Boutique B&B Soprarno Suites is part Renaissance restoration, part hipster hideaway. Housed among the palazzos of the characterful Oltrarno neighbourhood, this Florence stay bears the hallmarks of its glamorous past, though its high ceilings, detailed frescoes and exposed timber beams have been brought up to date with a dose of contemporary quirk. Each of the 13 rooms has its own individual flavour, peppered with vintage finds, roll-top baths and a scattering of original artwork. Enormous beds, fresh pastries and the Pitti Palace just down the road: here’s the perfect recipe for a Tuscan getaway.
Get this when you book through us:
A bottle of Torrigiani wine and a Betty Soldi-designed tote bag
10.30am. Earliest check-in, 2pm. Both are flexible, subject to availability, but let the hotel know if you plan to arrive after reception closes after 4pm.
Double rooms from £111.11 (€129), including tax at 10 per cent. Please note the hotel charges an additional local city tax of €4.80 per person per night on check-out.
Rates include a Continental breakfast of pastries, fresh fruit and juices, cereal, cheese, cold cuts, hard-boiled eggs, yoghurt and jams.
Owner Betty is responsible for some of the handmade objets d’art in the suites – have a browse of her wares in the shop downstairs for a Florentine memento to take home.
At the hotel
Lounge, library, free WiFi throughout. In rooms: flatscreen TV, DVD player on request, minibar, espresso machine, kettle, CO Bigelow New York toiletries.
Our favourite rooms
Kitted out with retro furniture, super king-size beds and original artwork (one of the Superior rooms is dressed with delicately detailed paperwork), each of the 13 rooms has its own quirky, mix-and-match personality. These are boltholes for Renaissance floozies: look out for apothecary storage, roll-top baths and subway-tiled showers. All are delightful; the Deluxe rooms are just a bit bigger. With its high ceilings, Persian-inspired rugs and detailed overhead fresco, the blue Deluxe room took a special place in our heart.
Leave any skyscraping Ferragamos at home – Florence is best explored in flat shoes.
Rooms are accessed by a short climb up a flight or two of stairs.
Leave the little ones at home: Soprarno Suites is more of a grown-up retreat.
Soprarno Suites is right at the heart of Oltrarno, a vibrant neighbourhood popular with locals just a 10-minute walk from Ponte Vecchio.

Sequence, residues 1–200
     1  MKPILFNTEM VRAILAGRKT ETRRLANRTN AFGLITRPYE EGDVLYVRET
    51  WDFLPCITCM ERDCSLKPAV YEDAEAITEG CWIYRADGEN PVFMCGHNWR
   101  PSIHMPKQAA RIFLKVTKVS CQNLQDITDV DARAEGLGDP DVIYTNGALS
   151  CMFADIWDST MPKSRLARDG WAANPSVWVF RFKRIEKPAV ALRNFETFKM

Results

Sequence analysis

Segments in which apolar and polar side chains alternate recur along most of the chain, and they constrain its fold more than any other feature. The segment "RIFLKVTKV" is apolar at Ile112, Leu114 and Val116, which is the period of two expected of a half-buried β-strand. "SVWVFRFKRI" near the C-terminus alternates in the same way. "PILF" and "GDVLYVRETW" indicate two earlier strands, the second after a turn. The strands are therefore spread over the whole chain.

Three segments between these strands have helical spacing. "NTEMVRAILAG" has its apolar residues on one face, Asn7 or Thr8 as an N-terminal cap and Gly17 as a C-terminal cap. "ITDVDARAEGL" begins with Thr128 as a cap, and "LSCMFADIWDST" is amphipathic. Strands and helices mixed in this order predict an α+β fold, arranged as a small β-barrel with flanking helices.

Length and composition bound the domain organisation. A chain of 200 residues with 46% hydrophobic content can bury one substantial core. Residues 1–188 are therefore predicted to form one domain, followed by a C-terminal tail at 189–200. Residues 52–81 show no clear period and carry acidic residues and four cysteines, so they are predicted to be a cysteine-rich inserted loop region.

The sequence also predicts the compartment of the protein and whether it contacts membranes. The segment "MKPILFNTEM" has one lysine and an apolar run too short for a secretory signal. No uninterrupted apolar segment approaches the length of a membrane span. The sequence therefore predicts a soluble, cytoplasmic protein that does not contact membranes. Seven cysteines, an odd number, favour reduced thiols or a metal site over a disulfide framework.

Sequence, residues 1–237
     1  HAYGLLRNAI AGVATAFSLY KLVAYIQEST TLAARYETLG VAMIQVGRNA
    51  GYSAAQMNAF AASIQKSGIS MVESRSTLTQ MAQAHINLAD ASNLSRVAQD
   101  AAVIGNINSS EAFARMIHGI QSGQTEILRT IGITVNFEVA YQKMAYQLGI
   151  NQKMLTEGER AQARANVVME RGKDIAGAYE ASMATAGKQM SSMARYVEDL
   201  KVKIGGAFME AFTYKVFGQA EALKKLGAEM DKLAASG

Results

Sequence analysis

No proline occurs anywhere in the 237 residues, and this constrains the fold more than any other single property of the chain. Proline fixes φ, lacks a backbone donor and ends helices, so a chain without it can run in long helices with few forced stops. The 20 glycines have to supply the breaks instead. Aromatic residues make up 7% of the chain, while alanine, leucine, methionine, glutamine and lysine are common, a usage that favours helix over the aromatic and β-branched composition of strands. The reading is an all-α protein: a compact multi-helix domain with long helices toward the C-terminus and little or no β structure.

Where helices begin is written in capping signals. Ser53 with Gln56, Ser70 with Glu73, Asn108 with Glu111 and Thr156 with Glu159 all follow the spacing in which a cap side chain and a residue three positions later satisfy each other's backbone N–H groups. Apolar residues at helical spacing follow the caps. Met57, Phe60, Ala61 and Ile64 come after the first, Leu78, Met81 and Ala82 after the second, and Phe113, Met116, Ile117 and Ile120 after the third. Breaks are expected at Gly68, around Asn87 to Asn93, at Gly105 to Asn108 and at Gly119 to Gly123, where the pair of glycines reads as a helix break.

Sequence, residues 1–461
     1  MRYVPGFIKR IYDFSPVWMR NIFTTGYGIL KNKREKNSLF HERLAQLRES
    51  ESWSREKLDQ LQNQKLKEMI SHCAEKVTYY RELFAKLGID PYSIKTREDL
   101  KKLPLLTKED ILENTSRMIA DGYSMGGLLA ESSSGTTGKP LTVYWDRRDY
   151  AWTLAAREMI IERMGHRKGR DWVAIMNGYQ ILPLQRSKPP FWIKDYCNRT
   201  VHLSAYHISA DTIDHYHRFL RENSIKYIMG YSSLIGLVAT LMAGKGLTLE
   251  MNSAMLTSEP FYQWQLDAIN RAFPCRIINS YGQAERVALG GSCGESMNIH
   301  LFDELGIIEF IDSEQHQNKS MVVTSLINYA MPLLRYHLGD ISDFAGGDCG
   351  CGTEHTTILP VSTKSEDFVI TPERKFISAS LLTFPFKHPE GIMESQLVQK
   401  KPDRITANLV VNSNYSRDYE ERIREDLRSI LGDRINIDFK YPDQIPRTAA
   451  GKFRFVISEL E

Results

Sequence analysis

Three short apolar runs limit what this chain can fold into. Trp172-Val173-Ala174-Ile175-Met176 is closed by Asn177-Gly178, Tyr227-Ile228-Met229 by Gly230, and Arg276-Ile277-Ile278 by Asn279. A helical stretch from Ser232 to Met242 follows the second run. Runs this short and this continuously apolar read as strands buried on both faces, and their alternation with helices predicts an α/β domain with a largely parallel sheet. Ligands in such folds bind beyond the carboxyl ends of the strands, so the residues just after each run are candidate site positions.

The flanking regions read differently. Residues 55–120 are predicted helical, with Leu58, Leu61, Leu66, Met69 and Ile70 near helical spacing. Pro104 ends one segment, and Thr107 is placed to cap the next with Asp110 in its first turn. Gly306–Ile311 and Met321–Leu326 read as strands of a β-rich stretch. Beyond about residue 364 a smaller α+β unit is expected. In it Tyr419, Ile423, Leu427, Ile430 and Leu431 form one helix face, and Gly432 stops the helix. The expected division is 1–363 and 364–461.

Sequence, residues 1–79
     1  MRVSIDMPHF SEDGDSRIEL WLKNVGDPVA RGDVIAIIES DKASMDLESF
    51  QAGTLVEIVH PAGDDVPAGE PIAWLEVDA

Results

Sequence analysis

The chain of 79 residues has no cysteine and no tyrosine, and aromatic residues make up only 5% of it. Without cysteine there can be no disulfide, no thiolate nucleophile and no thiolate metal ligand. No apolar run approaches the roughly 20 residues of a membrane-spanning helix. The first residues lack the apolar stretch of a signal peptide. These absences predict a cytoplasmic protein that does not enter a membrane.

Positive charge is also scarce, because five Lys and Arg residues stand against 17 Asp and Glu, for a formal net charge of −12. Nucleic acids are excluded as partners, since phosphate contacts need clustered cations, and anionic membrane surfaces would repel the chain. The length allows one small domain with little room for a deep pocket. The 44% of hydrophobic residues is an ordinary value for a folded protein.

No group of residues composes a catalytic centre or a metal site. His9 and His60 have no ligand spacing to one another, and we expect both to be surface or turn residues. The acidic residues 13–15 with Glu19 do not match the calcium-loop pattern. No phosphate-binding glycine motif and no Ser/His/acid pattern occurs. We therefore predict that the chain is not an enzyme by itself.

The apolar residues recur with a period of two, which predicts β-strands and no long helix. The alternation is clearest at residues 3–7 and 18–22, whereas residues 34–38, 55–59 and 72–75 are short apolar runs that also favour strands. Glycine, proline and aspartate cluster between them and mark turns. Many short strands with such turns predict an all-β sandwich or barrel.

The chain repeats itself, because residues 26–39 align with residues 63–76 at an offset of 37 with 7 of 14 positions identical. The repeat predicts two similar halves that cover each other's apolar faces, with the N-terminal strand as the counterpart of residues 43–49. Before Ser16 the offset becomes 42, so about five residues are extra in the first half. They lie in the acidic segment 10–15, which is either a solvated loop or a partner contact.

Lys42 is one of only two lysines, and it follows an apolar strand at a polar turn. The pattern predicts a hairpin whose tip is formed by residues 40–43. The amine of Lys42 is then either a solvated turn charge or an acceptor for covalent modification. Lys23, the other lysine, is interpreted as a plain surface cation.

A 40-minute drive away, Florence Peretola Airport has links to many European destinations. Hop in a taxi (about €20) or ask the hotel to arrange a private car transfer (from €50, or call the Smith24 Team on 03333 319 601 to arrange transportation). From the UK, flying into Pisa Galileo Galilei Airport will give you more choice; there’s a direct train to Florence for €5 one way, which takes about 45 minutes.
A 15-minute walk away, Santa Maria Novella station can be found just behind the piazza of the same name. Trains go from here to Milan, Naples, Pisa, Rome and Siena, as well as Nice and Vienna. You can get to Rome in under two hours by high-speed train, and to Milan in about three.
Florence’s winding streets and restricted central zone (ZTL) mean a car is best avoided. If you’re bringing your own wheels, there’s a public car park a 10-minute walk away (from €28 a day); skirt the ZTL studiously to avoid hefty fines.
Worth getting out of bed for
Soprarno Suites is perfectly poised for a taste of Florence’s fascinating Renaissance past. Overlooking a 12th-century courtyard, the building used to belong to the Vellutis; history buffs need only look up on Via Maggio to gawp at the grand palazzos which once bore witness to the wealth of great Florentine families. Palazzo Pitti and the Santo Spirito basilica are just around the corner. Take a gentle stroll down the street to Santa Trinita bridge for postcard-perfect views of Ponte Vecchio. Stop by Madova before crossing over to the historical city centre: the ladies there can size you up for a pair of butter-soft leather gloves (there’s one in practically every Pantone shade) with just one look. Avoid patience-defying queues at the Uffizi Gallery by booking ahead, or skip the Botticellis, da Vincis and Caravaggios altogether and spend your afternoons flitting from wine bars to gelaterias instead.
Round-the-block Enoteca Pitti has imposing views of the Medici’s Pitti Palace. Graze on local cheeses and lesser-known vintages, then walk it all off in the Boboli Gardens. Gurdulù is a stylish, pared-down spot for a romantic dinner; the chef is as enamoured with bold-coloured dishes as with impeccably sourced produce. Buzzy Il Santo Bevitore is a popular eatery – its stylings may be contemporary, but it takes its cues from classic Tuscan dishes such as ribollita soup, squid-ink risotto and truffled turbot.